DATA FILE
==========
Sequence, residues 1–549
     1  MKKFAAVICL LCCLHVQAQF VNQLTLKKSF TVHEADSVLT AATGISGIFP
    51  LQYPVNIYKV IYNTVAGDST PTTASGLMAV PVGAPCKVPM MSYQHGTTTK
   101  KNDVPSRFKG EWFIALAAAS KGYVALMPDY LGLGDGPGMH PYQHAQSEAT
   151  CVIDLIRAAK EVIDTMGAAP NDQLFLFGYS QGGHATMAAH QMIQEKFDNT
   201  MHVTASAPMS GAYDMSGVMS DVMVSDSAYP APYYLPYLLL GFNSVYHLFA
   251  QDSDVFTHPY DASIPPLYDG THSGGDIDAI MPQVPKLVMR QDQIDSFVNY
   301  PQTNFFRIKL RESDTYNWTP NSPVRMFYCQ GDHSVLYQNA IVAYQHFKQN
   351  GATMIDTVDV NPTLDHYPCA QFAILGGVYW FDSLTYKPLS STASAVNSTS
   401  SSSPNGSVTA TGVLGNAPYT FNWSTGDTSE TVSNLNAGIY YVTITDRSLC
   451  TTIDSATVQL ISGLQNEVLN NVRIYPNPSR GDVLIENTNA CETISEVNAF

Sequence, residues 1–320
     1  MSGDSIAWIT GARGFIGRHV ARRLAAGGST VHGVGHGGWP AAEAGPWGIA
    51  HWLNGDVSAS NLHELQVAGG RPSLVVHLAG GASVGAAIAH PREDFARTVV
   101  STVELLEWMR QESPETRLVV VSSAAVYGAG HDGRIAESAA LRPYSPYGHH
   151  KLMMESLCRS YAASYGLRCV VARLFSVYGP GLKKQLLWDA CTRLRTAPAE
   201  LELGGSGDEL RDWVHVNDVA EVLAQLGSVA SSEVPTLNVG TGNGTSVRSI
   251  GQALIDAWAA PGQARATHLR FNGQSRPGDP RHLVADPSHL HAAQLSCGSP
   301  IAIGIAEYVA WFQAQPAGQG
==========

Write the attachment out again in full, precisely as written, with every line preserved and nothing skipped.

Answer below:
Sequence, residues 1–549
     1  MKKFAAVICL LCCLHVQAQF VNQLTLKKSF TVHEADSVLT AATGISGIFP
    51  LQYPVNIYKV IYNTVAGDST PTTASGLMAV PVGAPCKVPM MSYQHGTTTK
   101  KNDVPSRFKG EWFIALAAAS KGYVALMPDY LGLGDGPGMH PYQHAQSEAT
   151  CVIDLIRAAK EVIDTMGAAP NDQLFLFGYS QGGHATMAAH QMIQEKFDNT
   201  MHVTASAPMS GAYDMSGVMS DVMVSDSAYP APYYLPYLLL GFNSVYHLFA
   251  QDSDVFTHPY DASIPPLYDG THSGGDIDAI MPQVPKLVMR QDQIDSFVNY
   301  PQTNFFRIKL RESDTYNWTP NSPVRMFYCQ GDHSVLYQNA IVAYQHFKQN
   351  GATMIDTVDV NPTLDHYPCA QFAILGGVYW FDSLTYKPLS STASAVNSTS
   401  SSSPNGSVTA TGVLGNAPYT FNWSTGDTSE TVSNLNAGIY YVTITDRSLC
   451  TTIDSATVQL ISGLQNEVLN NVRIYPNPSR GDVLIENTNA CETISEVNAF

Sequence, residues 1–320
     1  MSGDSIAWIT GARGFIGRHV ARRLAAGGST VHGVGHGGWP AAEAGPWGIA
    51  HWLNGDVSAS NLHELQVAGG RPSLVVHLAG GASVGAAIAH PREDFARTVV
   101  STVELLEWMR QESPETRLVV VSSAAVYGAG HDGRIAESAA LRPYSPYGHH
   151  KLMMESLCRS YAASYGLRCV VARLFSVYGP GLKKQLLWDA CTRLRTAPAE
   201  LELGGSGDEL RDWVHVNDVA EVLAQLGSVA SSEVPTLNVG TGNGTSVRSI
   251  GQALIDAWAA PGQARATHLR FNGQSRPGDP RHLVADPSHL HAAQLSCGSP
   301  IAIGIAEYVA WFQAQPAGQG